Jeremy Corbyn has addressed a massive rally in Manchester, where the Conservative party is holding its annual conference.
Thousands of people gathered to hear the new Labour leader speak at an event organised by the Communication Workers Union at Manchester Cathedral. The venue was so packed that another stage was set up outside so Corbyn could repeat his speech.
Organisers estimated that more than 7,000 people turned up for the "People's Post" rally, which aimed to highlight the apparent threat to Britain's postal service and workers since the privatisation of the Royal Mail.
Party leaders traditionally keep away from their rivals' conferences. But Corbyn had long promised to turn up at the rally before he became leader and told the crowds he had wanted to keep his promise and support the CWU campaign.
Corbyn was given wild standing ovations before and after his speech inside the cathedral. He said: "We've seen the level of cuts that are going on. We've seen the attack that's now being made on the postal service, on Royal Mail, within this country.
"Now I say this – I absolutely value the idea, the notion, the law, the requirement, that Royal Mail must be and has to be able to deliver post to every address in the whole of Britain six days a week. It's called the universal service obligation.
"Do you know why they want to take that away? So they can cut off whole areas from regular postal deliveries, dice up the whole service for privatisation and selling off and use the politics of bargain basement economics to bring in other companies, pay people less to work harder for longer and thus destroying all the work done by the Communication Workers Union. Well I tell you this – we're not having it!"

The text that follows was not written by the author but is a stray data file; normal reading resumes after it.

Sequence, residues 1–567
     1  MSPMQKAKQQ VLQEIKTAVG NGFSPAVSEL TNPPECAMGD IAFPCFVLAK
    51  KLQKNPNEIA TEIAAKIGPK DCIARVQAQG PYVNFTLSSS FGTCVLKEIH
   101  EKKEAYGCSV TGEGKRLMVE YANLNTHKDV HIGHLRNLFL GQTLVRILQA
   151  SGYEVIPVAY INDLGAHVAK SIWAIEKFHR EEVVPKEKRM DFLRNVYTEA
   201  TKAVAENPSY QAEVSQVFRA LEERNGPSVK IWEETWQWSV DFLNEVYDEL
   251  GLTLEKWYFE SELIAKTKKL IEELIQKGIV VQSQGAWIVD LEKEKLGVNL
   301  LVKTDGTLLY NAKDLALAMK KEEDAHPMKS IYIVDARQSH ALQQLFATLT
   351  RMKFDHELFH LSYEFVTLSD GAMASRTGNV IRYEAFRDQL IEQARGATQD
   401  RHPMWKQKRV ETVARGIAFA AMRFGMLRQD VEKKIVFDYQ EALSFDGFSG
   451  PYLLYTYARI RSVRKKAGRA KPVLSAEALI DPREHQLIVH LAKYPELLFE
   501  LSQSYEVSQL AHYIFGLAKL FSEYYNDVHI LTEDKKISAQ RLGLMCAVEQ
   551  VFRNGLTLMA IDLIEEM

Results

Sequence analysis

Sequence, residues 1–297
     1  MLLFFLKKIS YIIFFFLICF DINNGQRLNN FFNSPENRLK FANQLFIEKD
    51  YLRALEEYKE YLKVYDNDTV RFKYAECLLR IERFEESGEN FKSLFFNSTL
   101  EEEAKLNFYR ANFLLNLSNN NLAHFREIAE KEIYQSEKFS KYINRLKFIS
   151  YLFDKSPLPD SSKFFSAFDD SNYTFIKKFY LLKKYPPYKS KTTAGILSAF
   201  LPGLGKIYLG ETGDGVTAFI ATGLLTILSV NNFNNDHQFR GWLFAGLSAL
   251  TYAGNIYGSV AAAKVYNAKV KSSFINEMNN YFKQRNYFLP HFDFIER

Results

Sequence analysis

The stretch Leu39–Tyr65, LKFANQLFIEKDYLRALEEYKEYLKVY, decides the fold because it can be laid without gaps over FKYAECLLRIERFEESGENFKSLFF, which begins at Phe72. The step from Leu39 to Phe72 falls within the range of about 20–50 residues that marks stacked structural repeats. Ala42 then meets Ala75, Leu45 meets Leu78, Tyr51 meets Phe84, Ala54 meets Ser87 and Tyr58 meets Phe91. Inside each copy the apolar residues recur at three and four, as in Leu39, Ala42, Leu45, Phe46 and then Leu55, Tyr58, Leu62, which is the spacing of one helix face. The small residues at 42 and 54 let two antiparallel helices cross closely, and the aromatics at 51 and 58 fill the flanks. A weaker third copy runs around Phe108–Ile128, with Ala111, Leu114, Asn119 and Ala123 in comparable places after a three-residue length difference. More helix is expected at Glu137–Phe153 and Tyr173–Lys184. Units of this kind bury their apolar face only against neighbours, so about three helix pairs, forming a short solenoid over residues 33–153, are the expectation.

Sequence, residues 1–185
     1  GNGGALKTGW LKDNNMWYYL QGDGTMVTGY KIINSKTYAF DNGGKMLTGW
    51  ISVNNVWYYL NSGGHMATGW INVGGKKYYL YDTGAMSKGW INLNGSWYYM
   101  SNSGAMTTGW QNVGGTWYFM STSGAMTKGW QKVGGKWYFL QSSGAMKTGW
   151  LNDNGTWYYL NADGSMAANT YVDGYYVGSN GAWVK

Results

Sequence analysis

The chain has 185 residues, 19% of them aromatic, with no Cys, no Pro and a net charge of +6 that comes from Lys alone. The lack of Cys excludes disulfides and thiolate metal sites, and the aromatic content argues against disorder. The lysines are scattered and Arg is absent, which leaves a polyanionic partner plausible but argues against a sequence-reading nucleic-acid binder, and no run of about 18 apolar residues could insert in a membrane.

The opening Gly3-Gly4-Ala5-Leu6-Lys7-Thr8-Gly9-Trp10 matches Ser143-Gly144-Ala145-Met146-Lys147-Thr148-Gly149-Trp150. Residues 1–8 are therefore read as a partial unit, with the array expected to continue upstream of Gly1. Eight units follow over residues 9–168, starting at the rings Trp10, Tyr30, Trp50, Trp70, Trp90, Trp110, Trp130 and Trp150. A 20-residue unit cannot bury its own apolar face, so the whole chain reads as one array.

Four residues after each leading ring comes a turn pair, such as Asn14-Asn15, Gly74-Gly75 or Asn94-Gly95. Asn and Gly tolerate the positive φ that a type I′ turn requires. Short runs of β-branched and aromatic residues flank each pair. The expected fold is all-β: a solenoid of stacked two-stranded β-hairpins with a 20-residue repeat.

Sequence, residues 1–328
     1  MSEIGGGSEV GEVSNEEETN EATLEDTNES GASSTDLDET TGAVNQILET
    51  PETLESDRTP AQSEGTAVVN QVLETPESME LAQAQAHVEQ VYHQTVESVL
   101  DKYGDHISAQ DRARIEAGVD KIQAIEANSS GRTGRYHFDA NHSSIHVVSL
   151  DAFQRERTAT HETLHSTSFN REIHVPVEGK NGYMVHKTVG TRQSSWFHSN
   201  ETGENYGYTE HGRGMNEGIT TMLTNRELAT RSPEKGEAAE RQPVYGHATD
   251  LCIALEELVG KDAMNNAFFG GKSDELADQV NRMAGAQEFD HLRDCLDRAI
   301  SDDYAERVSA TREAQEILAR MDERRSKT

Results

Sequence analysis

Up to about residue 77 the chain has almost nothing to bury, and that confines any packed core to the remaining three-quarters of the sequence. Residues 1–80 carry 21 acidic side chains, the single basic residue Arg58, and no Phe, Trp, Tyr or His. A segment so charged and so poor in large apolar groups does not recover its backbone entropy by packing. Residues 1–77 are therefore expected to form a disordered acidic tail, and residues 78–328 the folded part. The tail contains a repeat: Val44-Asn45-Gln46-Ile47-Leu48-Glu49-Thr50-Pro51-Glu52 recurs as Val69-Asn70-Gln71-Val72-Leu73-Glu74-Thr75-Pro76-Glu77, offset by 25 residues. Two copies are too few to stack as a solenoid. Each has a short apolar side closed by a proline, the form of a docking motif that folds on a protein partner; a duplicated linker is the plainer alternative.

Other speakers at the event included CWU general secretary Dave Ward, Green party leader Natalie Bennett, shadow education secretary Lucy Powell, and campaigner Owen Jones. The speakers rotated between the inside and outside stages to address both crowds.
But it was Corbyn that drew the biggest cheers and applause. He called on activists to engage in "civilised debate" after ugly protests outside the Tory party conference on Sunday.
"If we go into politics, we go into our union work, we go into our lives on the basis that what we say we hope is of value, and we engage in an intelligent, civilised debate, not responding to personal abuse and not making personal abuse," he said. But a few minutes later, when Margaret Thatcher was mentioned on stage, one audience member outside said: "Bitch".
Corbyn also warned that the 2020 election would not be won in the few weeks beforehand. He said: "I want us to win an election as soon as it comes, we may have to wait until 2020 to do that, but I'll tell you this: The election victory of 2020 won't be won in the three or four weeks before that election day, it will be won by winning the ideas, the hopes, the optimism, the hearts and minds of every ordinary person in this country."
Emily Ashton is a senior political correspondent for BuzzFeed News and is based in London.
Contact Emily Ashton at firstname.lastname@example.org.
Jamie Ross is a Scotland reporter for BuzzFeed News and is based in Edinburgh.
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